Suffolk: Bertha sparks harvest fears
PUBLISHED: 10:39 09 August 2014
The potential arrival of heavy rain and strong winds could hamper Suffolk’s harvest, farming leaders have said.
Although meteorologists have said Saturday will be a mixture of sunshine and blustery showers there’s a risk of further heavy rain and strong winds on Sunday if the remains of Hurricane Bertha develop into a deep Atlantic low pressure system and heads towards the UK.
Robert Baker, of Crossways Farm, Elmswell, said he was watching weather forecasts with concern, but added he was thankful that the recent warm, dry spell meant many farmers had already harvested a significant amount of crops.
“It’s going very well, we’re probably 90% through our harvest which is great. We’ve just got a bit of wheat and spring barley left and then we’re finished. It’s been a very good run. We’re 10 days earlier than usual.”
Mr Baker said: “If we get the high winds and heavy rain and the hail it will cause some problems.
“I would be particularly worried for the spring barley, but at the moment, they (forecasters) are undecided about how bad it is going to be.
“But obviously the situation we’re in now is a lot better than if we had got 100% of the harvest sitting out there.”
Brian Finnerty, of the National Farmers Union, said: “We can say in general terms that the harvest has been progressing well in really good weather conditions. People have made good progress – some farmers have had their earliest harvest in recent memory.
“But the concern would be if you get hail storms and freak weather conditions that could cause damage to crops.
“Some of the farmers I have been speaking to had been working really long hours and were actually welcoming a bit of a downpour as it gave them a bit of a respite.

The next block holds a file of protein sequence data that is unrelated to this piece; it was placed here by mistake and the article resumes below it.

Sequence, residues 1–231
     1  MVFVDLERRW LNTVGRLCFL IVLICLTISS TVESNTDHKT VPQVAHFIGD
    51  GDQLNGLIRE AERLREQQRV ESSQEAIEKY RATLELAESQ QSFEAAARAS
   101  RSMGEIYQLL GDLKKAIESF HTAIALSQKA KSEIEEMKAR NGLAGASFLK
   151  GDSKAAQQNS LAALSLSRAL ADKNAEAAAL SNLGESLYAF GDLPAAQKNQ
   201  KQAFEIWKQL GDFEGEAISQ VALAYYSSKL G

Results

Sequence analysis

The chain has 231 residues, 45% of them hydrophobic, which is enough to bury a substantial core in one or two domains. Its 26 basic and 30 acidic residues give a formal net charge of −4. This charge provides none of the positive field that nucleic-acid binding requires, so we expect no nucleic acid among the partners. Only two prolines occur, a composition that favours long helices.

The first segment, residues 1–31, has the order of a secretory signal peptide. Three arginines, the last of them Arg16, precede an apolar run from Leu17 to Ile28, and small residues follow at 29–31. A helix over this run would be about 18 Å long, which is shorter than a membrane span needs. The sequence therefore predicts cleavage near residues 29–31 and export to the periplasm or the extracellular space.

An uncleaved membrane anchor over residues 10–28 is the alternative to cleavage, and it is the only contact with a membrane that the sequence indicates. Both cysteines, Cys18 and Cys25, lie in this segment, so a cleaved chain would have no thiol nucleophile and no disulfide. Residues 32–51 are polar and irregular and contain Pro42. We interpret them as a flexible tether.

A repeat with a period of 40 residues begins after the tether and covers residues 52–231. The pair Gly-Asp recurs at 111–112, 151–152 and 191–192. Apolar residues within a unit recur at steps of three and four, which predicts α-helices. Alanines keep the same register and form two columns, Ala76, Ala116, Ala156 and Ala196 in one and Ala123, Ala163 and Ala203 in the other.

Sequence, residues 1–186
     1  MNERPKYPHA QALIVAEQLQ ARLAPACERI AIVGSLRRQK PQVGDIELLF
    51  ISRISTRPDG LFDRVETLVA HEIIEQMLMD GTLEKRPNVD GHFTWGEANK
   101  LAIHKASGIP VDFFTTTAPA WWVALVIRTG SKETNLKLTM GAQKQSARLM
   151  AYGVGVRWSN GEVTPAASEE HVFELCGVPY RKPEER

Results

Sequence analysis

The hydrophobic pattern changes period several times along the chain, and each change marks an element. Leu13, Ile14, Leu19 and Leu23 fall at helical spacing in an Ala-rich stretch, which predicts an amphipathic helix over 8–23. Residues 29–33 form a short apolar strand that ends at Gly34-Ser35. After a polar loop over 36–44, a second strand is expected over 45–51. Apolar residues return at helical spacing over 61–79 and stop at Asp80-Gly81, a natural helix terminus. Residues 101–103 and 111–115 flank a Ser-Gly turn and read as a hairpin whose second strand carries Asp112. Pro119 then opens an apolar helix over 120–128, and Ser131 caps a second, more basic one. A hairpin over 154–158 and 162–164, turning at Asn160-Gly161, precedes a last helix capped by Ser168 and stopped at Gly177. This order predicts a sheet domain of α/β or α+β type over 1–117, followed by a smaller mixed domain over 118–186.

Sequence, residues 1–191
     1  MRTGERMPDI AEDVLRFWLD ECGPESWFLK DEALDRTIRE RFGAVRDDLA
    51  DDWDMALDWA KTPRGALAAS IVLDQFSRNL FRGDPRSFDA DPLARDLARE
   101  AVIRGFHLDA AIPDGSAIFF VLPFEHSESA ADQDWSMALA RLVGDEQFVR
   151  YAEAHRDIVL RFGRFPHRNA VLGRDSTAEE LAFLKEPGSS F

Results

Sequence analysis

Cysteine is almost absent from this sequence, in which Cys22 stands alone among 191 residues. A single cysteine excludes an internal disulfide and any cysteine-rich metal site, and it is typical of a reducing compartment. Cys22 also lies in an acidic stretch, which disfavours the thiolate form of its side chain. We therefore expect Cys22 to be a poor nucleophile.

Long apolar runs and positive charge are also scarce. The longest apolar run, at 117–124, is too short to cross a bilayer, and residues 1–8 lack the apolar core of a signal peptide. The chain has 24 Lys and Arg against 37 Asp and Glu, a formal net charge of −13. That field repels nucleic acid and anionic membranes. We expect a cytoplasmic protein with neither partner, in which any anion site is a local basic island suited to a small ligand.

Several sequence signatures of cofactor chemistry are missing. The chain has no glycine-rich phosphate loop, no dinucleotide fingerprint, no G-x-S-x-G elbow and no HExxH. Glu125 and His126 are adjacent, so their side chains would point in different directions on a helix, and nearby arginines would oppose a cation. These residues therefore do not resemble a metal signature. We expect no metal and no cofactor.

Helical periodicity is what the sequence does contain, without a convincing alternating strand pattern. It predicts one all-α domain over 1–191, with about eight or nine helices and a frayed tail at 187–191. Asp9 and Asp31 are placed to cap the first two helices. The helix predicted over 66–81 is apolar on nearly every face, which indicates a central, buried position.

“Also people are starting to prepare ground and putting new crops in and some rain is useful to start things going.”
The Met Office said yesterday that the stormy weather system was hard to predict. A spokesman added: “The remains of Hurricane Bertha, over the western side of the Atlantic on Thursday morning, will come steadily towards the UK. The transition from a tropical to an extra-tropical feature is a particularly hard one to forecast with confidence, and computer models continue to differ in the location and intensity of the resulting depression, which is expected to pass over, or close to, the UK from early on Sunday.
“There is the potential for widespread rainfall totals of more than 50mm and coastal gusts of over 60mph, along with large waves. However, the system may pass harmlessly to the south of the country... and the public are advised to keep up to date with warnings.”
But Jim Bacon, from East Anglian-based Weatherquest, said it was unlikely the tail-end of the hurricane would affect the region, with heavy showers most likely tomorrow.
He said: “This has long since been a threat; we’re not even naming it on the charts. It’s a load coming across the Atlantic with warm moist air.
“We’re just treating it like an area of low pressure with very warm moist air.
“Then there’s where the track takes it. At the moment the track will take the heaviest rain to the north and west of us and in the east we’ll get a period of rain.”